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  • Marie Salova

Would Socrates have made a good Validation Engineer?

On the face of it, the two fields of validation and philosophy may seem quite far apart on practical terms. However, conceptually, there is considerable overlap given a shared focus on rationalism (making the right distinctions), logical interpretation (making the right inferences) and moral reasoning (making the right value-based decisions).  Although the linkages between the two disciplines is often over-looked, they are in fact continuous and integral. Science, after all, began as the “philosophy of nature”. Most of the Greek philosophers were also mathematicians and what is statistics? As well as a favourite tool for validation, it is also essentially a science of estimates and probability.


This begs the question, can some of the tools of philosophy be valuably applied in the field of validation?


Let’s briefly explore here some of those included in our soft skills training of validation professionals; namely those of (i) Decorum, (ii) Rhetoric, (iii) Heuristics, (iv) Logic and (v) Hermeneutics.


(i)                    Decorum


As a multi-faceted socio-cognitive process, effective validation depends on building constructive working relationships with all stakeholders. Decorum might seem an old-fashioned virtue but it’s actually very apt in the pharma industry where discretion is highly valued. While T.A.C.T. (temperature, agitation, chemicals, time) is primarily a concern for cleaning validation, all STEM professionals need exercise of tact in their social interaction. Cicero posited that decorum should be applied to both actions and speech. For validation, good manners and professional etiquette go a long way to open (and keep open) many doors.


(ii)                 Rhetoric


By definition, rhetoric is persuasive. It has also long been identified as vital in engineering, defined as “the development of an explanatory framework that identifies and validates a particular solution to a problem as the best” (Robinson) although this reference to “validation” is not meant here in the regulatory sense but more so, infers demonstrability. Validation often presents us with compound problems to solve. This necessitates the need both for analogical precepts and that we explain clearly their relevance. Such rational argumentation is a vital tool to “justify the weights given to qualitatively different criteria” (Robinson).


(iii)               Logic


One requirement of rational argumentation is that of “logical coherence”. To convince an auditor or regulator of our risk-based decisions, we must provide a clear documentation trail but also a weight of evidence to our causal inferences (Swain & van Amelsvoort). These writers set out useful standards for this “weight of evidence” in the following : strength, consistency, specificity, temporality, exposure-intensity (e.g. dose-response), plausibility, coherence, experimental evidence and again, analogy.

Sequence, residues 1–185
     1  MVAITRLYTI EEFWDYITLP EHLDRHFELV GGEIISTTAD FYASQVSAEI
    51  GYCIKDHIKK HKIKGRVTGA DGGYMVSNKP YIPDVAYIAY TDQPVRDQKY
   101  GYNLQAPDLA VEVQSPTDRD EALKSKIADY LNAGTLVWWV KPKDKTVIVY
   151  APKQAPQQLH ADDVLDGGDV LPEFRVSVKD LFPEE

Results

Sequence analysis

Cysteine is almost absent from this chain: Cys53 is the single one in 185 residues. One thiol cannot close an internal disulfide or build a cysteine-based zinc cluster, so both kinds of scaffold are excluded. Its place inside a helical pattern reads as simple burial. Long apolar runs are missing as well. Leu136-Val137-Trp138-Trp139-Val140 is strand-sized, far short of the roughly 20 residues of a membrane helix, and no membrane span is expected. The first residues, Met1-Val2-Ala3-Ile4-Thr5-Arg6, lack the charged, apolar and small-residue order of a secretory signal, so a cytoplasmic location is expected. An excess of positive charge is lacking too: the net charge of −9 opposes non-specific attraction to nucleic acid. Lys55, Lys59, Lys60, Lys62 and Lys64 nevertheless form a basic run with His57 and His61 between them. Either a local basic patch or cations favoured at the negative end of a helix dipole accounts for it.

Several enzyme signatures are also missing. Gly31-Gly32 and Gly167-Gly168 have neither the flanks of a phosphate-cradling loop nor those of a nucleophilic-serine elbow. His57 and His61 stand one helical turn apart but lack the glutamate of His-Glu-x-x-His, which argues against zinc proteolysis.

However, validation professionals realise only too well that everything has its limits. This includes, albeit counterintuitively, logic itself yet there is a duty to  ensure that premises supports their conclusion in every technical report.


(iv)               Heuristics


Philosophers emphasise the importance of heuristics in constructing scientific theory and evaluative judgements. Subjectivity is a key feature in interpreting legislation - each stakeholder might perceive different potential harms, place a different probability on each harm occurring and attribute different severities to each harm (ICH Q9). Hence, the onus is on validation professionals to be aware of the rationale behind their assumptions and decisions. Critical thinking training based on a heuristics-and-bias approach is fast becoming de rigour both for QA and validation professionals and rightly so. As manufacturing settings become more complex, so must the cognitive approach to risk management increase commensurately in it’s sophistication.


(v)                  Hermeneutics


It’s from the field of humanities that the art of interpretation, critique and synthesis has evolved.

Although hermeneutics is the branch of interpretation generally associated with biblical texts, it is also worth considering in light of validation placing as it does an emphasis on contextual judgement. Clearly, there is an overlap at the regulatory intersection with guidelines tending not to be overly-prescriptive. There is one noticeable parallel between validation and hermeneutics and that is the shared quality of “having conversations with the past” (Caputo) i.e. understanding preceding assumptions (captured with respect to validation in protocols). However interestingly, hermeneutics encourages us to conserve (as opposed to “preserve”) the original intent by “making wise use of it”. It advises against “literal loyalty” to rules and regulations, termed as a “disservice” to tradition. Instead, it suggests that tradition be allowed to “renew itself” and prioritises the contextualising of each guideline with reference to others.  For validation professionals, these infer a holistic and risk-based approach with Kant perhaps offering the useful moral guidance – “live your life as every act was to become a universal law”.


Conclusion


If you’re currently working in a validation role but view philosophy as “all Greek” to you, then hopefully you will reflect. Given our rich European intellectual heritage in philosophy, with tendrils already into science and engineering, it’s certainly worth serious consideration.


Thus, the answer to our title question about Socrates is “Yes” and for this reason not just validation but all STEM professionals should receive training in Socratic dialogue. Read future posts for more on this subject.

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